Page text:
posted by symbioid at 9:26 AM on June 13, 2012 [4 favorites]


Put another way, the length of time required to introduce traits by traditional breeding methods is a feature, not a bug, because progress under traditional breeding moves slowly enough to allow the surrounding ecosystem to adapt around the new traits.

Fundamentally, I haven't seen anybody explain to me why GMOs are interestingly different to introducing non-native species into lakes for sport fishing, the results of which are unpredictable at best and often highly disruptive.
posted by gauche at 9:28 AM on June 13, 2012 [5 favorites]


inigo2 : ooops.... One in four Americans think that Genetically Modified Foods are not safe.

Should read: One in four Americans think that Genetically Modified Foods are safe. Although it is more amazing to me that one in four Americans think vaccines cause Autism,..
posted by snaparapans at 9:29 AM on June 13, 2012


It is! It is!

Wow, that article says, "modern high-tech GM breeding is like Victor Frankenstein slicing ‘superior’ body parts out of fifteen different corpses and using them to sew together his powerful, yet frighteningly unpredictable, monster."

We all know that's not quite right, as he used Abby Normal's brain in his experiment.
posted by peeedro at 9:29 AM on June 13, 2012 [2 favorites]


Adding: I'm an omnivore too but I'm just amazed at the simple-mindedness on both sides here. We aren't risking famine or food shortage if we actually addressed how and why we're using and producing food the way we currently are. Meanwhile, if you're pretending that lab-spliced manipulation of genetic code is the same as natural cross-breeding and selective crop planting then you're either an idiot or just pretending to be one to Win At Internet.™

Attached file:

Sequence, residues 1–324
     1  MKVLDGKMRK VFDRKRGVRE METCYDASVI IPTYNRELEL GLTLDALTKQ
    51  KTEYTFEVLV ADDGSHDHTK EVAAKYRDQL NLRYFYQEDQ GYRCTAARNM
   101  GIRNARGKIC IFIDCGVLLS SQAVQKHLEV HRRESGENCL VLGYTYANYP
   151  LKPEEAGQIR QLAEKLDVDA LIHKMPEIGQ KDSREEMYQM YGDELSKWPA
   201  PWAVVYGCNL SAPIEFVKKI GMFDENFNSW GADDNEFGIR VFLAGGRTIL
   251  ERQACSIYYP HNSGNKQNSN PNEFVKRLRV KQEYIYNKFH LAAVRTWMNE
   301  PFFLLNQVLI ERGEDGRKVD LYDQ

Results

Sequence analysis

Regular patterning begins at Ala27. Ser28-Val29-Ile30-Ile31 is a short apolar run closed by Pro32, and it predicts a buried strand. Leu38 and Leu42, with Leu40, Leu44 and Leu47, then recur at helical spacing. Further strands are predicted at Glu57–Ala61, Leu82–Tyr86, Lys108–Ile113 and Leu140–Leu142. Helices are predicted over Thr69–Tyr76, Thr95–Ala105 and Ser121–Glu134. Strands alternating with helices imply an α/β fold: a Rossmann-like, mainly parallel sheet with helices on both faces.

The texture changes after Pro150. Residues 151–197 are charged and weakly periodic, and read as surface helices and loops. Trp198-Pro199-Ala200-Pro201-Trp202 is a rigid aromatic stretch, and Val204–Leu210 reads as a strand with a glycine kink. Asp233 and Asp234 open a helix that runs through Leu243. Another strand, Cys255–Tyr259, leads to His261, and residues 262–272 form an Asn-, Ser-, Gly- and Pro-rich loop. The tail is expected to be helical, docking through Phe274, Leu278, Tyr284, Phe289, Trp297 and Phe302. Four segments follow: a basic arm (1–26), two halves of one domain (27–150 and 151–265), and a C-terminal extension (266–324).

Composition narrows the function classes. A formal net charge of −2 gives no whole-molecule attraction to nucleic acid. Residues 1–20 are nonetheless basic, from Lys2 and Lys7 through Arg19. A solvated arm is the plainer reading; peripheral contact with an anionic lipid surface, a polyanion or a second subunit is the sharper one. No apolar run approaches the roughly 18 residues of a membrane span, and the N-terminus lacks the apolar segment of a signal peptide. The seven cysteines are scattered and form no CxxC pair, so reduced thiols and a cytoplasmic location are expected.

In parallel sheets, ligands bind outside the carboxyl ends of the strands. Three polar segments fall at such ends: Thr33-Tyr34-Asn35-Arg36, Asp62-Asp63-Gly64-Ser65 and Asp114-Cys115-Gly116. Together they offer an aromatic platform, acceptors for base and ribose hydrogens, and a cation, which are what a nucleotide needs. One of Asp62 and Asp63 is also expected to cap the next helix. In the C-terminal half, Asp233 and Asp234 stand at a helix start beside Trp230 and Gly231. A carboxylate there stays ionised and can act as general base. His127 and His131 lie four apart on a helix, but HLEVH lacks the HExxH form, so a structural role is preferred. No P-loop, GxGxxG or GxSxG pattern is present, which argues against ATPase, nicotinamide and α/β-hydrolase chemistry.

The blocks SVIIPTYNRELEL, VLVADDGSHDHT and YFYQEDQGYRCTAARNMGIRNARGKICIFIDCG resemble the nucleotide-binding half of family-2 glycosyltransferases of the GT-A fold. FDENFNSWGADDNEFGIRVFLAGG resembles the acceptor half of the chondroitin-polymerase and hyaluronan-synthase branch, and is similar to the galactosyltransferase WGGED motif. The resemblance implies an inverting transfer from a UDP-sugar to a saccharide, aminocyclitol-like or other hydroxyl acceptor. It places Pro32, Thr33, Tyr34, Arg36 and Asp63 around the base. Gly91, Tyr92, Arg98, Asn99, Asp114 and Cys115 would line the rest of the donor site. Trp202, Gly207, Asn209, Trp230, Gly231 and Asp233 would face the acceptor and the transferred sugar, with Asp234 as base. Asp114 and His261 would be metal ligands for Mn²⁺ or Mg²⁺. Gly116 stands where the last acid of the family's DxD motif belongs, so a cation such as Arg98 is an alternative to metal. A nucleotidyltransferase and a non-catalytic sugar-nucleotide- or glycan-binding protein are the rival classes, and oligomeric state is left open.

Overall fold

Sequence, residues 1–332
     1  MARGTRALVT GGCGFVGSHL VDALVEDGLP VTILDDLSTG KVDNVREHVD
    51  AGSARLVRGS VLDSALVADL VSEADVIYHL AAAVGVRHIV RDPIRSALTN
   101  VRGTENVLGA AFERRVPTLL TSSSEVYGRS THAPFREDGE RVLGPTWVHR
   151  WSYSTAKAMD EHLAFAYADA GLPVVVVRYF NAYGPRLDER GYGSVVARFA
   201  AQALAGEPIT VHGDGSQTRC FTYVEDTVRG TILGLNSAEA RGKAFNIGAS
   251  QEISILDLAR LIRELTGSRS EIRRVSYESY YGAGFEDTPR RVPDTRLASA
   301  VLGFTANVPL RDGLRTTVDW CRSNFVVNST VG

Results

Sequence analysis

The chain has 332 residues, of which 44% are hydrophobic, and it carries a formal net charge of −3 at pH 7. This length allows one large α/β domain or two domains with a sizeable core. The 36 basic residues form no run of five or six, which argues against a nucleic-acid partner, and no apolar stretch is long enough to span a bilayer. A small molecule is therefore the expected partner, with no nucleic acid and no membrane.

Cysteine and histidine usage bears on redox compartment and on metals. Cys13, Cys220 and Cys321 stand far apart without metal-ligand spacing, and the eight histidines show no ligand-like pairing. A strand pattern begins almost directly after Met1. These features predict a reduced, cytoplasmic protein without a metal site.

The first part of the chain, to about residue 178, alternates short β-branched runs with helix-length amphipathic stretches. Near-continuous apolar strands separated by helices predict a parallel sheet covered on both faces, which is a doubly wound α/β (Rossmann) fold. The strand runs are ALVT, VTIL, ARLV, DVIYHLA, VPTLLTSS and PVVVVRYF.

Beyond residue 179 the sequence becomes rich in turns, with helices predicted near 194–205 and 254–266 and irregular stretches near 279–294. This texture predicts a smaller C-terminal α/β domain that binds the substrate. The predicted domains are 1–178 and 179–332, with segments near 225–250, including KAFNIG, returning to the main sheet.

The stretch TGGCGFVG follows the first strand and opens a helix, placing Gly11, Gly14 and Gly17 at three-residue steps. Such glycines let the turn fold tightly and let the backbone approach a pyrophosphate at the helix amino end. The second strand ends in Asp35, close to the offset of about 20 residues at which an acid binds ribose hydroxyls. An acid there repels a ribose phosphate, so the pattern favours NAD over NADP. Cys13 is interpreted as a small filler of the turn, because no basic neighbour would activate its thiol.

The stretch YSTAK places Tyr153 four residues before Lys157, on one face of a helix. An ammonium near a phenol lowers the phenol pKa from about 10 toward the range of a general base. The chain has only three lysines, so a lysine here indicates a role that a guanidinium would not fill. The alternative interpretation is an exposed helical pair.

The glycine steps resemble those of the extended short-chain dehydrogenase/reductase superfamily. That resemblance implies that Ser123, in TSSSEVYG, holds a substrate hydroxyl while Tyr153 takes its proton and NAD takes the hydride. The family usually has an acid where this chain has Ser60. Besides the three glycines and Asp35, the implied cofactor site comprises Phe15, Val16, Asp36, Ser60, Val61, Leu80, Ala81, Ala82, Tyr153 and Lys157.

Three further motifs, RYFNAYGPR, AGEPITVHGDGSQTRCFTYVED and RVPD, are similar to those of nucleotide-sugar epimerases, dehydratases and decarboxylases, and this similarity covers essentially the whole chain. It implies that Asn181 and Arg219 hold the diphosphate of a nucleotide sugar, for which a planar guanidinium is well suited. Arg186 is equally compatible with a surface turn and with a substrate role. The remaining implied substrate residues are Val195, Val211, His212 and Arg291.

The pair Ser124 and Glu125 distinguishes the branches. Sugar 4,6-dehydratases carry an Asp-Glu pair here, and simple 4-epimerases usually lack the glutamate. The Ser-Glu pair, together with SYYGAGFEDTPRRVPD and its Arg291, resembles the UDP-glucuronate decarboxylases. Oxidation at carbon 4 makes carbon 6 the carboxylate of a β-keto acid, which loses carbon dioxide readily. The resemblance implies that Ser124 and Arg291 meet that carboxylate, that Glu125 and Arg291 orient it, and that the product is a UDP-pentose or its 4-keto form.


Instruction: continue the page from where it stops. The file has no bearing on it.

Monsanto holds rigorous patents on crops, attempts monopolies on seeds, all while farming in this country is converted to mass factory-plantation systems and you're shocked this makes people nervous? People are scared of GM foods and uncertain about the benefits of GM products exactly because of this: because we've entered a generation where a large percentage of food-fucking food, people- is not just owned but actually patented and trademarked by corporations.

And yeah, most people don't want to discuss why so many people are hungry unless they don't have to respond how many times they were thrilled that they can get a double cheeseburger for a dollar. Self included. We're Hungry, Hungry Hypocrites.

Yes it's pointless pie in the sky hippie babble but forgive me for pointing out the blatantly obvious that, like most things, this is a "problem" that is caused by a shit ton of people engaging in varying levels of greed.
posted by XQUZYPHYR at 9:32 AM on June 13, 2012 [15 favorites]


[edited per request from the poster, it was actually 1 in 4 think GMO foods are SAFE, not unsafe]
posted by mathowie at 9:39 AM on June 13, 2012


I'm as much of a fan of Monsanto as anyone else, but is GM food really that bad?

I like the idea of transgenic food, but because in my mind it's linked to things like golden rice or the idea of interesting new foods (onions that taste like mole sauce, sugarcane that makes its own chocolate, beefsteak tomatoes that mean it, etc). Or even industrial but more obviously beneficial stuff like corn that fixes its own nitrogen.

...but in practice it mostly just means that jerkwads engineer corn so that, fuck the taste, you can dump shitloads of herbicide on it and it'll live while all else dies, and that's cheaper than give-a-crap farming so why not. Or corn that, fuck everything else, produces convenient toxins to kill bugs*.